- Alabama has a very similar spawning and pre-spawn period to Tennessee. The only difference is that Alabama starts around mid-March but ends in the middle of April.
- Florida seems to have one of the longest crappie spawning periods. Crappie spawn here starts around mid-February and ends in early April. This is about 3-5 weeks. Pre-spawn could start around late January.
Each spawning period is subject to changing weather conditions, so these estimated spawning periods might vary from year to year.
How do I Catch Crappie?
Catching crappies mostly comes down to knowing where to look for them.
Crappie prefer moderately warm water, and appreciate overhanging or fallen trees. They also congregate around underwater rocks and vegetation.
Crappie also prefer still water, so when fall winds create turbulence, they search for protected areas where the water remains calm.
Crappies can be caught reliably with a basic cast and retrieve but jigging vertically is also effective. Vertical jigging generally entails dropping your jig into a school of crappies directly from a boat or dock and releasing it.
Does Temperature Affect when Crappie Feed?
Like most fish, temperature and weather conditions affect crappie’s feeding habits. The reason for this is the pressure-sensitive swim bladder.
The swim bladder increases and decreases in size as barometric pressure rises and falls. When air pressure rises, the fish feels comfortable and thus eager to feed. When pressure drops, the effect on the swim bladder makes the fish feel uncomfortable and less likely to feed.
The same goes for temperature. If water is too cold, crappie will be less likely to feed in order to conserve energy. In temperatures that are too warm, crappie will become lethargic and move to deeper water.
What is the Best Time to Catch Crappie?
Crappies are more active in the morning, at sunset, and during spawning season. They are less active during the day, particularly in summer when temperatures are warmer, and much less active during the winter.
The best times to catch crappie are dawn and dusk, during spring and fall. Summer can result in good crappie fishing but you’ll likely need to fish deeper water.
Check out this article for more information on when to fish for Crappie.
What Baits and Lures Work for Crappie?
The crappie is a predatory fish that feeds on smaller fish and other smaller aquatic animals. With this in mind, the bait needs to mimic the same animals that the crappie preys on.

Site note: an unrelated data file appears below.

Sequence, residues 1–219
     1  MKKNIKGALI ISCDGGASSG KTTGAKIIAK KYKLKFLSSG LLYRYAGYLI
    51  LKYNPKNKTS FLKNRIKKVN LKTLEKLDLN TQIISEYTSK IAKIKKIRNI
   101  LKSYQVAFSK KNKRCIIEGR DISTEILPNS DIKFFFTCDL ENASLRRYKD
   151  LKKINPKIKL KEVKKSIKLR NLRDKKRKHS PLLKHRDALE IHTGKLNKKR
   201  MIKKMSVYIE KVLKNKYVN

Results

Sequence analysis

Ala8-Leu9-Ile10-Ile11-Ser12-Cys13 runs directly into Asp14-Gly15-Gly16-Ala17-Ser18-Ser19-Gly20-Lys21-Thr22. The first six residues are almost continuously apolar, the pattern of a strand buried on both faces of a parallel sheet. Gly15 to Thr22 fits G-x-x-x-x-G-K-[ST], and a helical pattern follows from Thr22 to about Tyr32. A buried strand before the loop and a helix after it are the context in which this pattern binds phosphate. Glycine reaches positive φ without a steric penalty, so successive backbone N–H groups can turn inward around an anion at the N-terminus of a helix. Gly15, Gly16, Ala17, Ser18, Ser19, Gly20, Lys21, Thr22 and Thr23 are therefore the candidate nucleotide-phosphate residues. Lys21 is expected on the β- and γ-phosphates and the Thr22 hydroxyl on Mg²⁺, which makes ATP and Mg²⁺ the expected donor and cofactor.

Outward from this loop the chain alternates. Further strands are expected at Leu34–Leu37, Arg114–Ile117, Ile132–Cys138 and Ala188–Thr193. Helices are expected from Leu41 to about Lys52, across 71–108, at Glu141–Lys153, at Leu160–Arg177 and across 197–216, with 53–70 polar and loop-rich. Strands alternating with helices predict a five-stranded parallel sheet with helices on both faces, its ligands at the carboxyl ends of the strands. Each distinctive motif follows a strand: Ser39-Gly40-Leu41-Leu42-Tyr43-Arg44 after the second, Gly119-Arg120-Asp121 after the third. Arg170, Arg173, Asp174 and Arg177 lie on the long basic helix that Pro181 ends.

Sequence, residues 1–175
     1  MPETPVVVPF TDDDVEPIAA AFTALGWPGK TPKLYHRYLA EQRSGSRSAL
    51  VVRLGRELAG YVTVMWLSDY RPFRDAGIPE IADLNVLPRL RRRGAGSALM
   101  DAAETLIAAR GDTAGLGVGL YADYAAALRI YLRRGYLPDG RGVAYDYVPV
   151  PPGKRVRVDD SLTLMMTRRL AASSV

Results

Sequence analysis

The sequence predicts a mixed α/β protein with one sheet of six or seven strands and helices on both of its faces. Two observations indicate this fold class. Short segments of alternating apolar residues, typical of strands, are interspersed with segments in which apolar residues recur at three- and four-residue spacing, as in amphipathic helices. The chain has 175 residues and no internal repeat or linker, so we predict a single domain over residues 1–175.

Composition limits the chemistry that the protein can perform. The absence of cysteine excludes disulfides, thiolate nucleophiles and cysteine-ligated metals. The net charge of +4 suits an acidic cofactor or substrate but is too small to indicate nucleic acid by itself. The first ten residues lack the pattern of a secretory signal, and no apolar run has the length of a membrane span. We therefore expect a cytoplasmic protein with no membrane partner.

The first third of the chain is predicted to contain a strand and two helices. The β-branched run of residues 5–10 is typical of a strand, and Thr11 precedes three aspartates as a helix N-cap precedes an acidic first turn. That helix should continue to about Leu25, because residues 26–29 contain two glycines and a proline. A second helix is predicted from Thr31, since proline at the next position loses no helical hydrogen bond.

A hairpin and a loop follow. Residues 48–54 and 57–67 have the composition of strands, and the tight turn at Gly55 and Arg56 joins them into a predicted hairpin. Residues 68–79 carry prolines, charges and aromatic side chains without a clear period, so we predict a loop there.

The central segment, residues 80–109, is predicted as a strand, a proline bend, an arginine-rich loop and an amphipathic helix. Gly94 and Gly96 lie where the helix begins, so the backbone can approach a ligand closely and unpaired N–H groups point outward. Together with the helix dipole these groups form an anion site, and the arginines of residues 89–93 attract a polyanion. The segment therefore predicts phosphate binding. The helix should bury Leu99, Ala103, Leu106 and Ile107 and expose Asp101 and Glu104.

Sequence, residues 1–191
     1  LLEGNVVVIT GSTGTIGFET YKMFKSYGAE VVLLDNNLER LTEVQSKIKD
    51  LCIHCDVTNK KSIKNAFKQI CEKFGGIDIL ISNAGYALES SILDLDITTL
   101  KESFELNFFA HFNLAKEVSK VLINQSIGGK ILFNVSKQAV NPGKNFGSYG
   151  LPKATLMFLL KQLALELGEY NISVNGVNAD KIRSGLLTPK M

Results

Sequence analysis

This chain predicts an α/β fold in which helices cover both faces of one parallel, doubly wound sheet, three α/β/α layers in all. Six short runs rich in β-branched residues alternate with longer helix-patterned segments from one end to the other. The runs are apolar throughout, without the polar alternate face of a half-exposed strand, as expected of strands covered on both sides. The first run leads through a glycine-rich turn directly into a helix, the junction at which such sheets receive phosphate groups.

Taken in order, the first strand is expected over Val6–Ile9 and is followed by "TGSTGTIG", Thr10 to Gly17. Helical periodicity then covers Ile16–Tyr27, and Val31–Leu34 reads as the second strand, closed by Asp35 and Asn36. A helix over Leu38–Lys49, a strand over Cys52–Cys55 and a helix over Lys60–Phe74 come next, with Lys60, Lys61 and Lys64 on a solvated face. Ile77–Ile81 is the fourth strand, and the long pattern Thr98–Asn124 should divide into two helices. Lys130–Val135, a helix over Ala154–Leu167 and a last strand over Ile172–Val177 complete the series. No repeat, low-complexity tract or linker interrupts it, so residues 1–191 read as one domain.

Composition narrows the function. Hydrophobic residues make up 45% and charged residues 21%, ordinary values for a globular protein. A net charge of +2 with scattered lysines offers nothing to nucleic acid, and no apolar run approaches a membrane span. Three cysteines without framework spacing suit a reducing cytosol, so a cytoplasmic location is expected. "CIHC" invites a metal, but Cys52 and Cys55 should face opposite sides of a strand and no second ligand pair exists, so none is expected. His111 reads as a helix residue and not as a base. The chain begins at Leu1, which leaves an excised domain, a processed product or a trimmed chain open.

There are multiple ways to catch crappie, including lures, live bait, and floats. But some are more reliable than others.
Catching crappie with live bait is arguably the best option. Crappie feed on shad and minnows which you can catch in a throw net. Thread the hook through a spot just under the dorsal fin to allow the fish the ability to still move somewhat. Alternatively, thread the hook through the mouth and out just above the eyes.
You can throw the bait out just like that, no float or sinker, or, if you prefer to see the fish take, add a float, and when it’s pulled under completely you should know something has taken the bait.
Spider rigging off a boat is a great way to target crappie. Use smaller floats with a ¼ ounce sinker head hook and spread your rods equally through the boat.
Jigging is also said to be one of the best methods to catch crappie, although there are a number of variations on technique. If you prefer more technical fishing then jigging is the method for you.
For each lure, there are also different ways of presenting. For some, you have to retrieve the lure slowly whilst flicking the tip of your rod to provide quick upwards movements. Others you retrieve very fast and some you tug and release consistently to provide a drop and upward movement.
Check out this article for the 7 best lures to use for Crappie.
What Tackle Should I Use When Targeting Crappie?
If you are just looking to catch a fish for dinner, then using a heavier rod is perfectly adequate. But since crappies are typically on the smaller side, to get the most fun out of the fight I would suggest you use tackle on the light to the ultra-light side.
Using an ultra-light rod with a small bait-caster reel with roughly 4-6lb line should do it for you. If you prefer you could use a light-tipped spinning rod, 6-8ft would be suggested to give you a decent cast.
Fly fishing for Crappie is incredibly fun but definitely takes some practice. Use a 3 to 4-weight fly rod and it will feel like you have a monster on the line. It must be said that the lighter you go with tackle the more technique is required when catching the fish.
Here’s some great information on catching Crappie with a fly rod.
The crappie spawning season is an epic time to fish. Both black and white crappie are super aggressive during this time and will give a massive tug when they first take the bait.
Remember that the spawning season goes from mid-February to around early June depending on state, and starts when the water temperature reaches between 50-60 degrees Fahrenheit.
The Crappie will be found near shaded ledges and structures, sheltered from heavy winds, in depths from 6-15 ft. Keep an eye on the conditions to know when the prime time is to catch this amazing fish! Tight lines!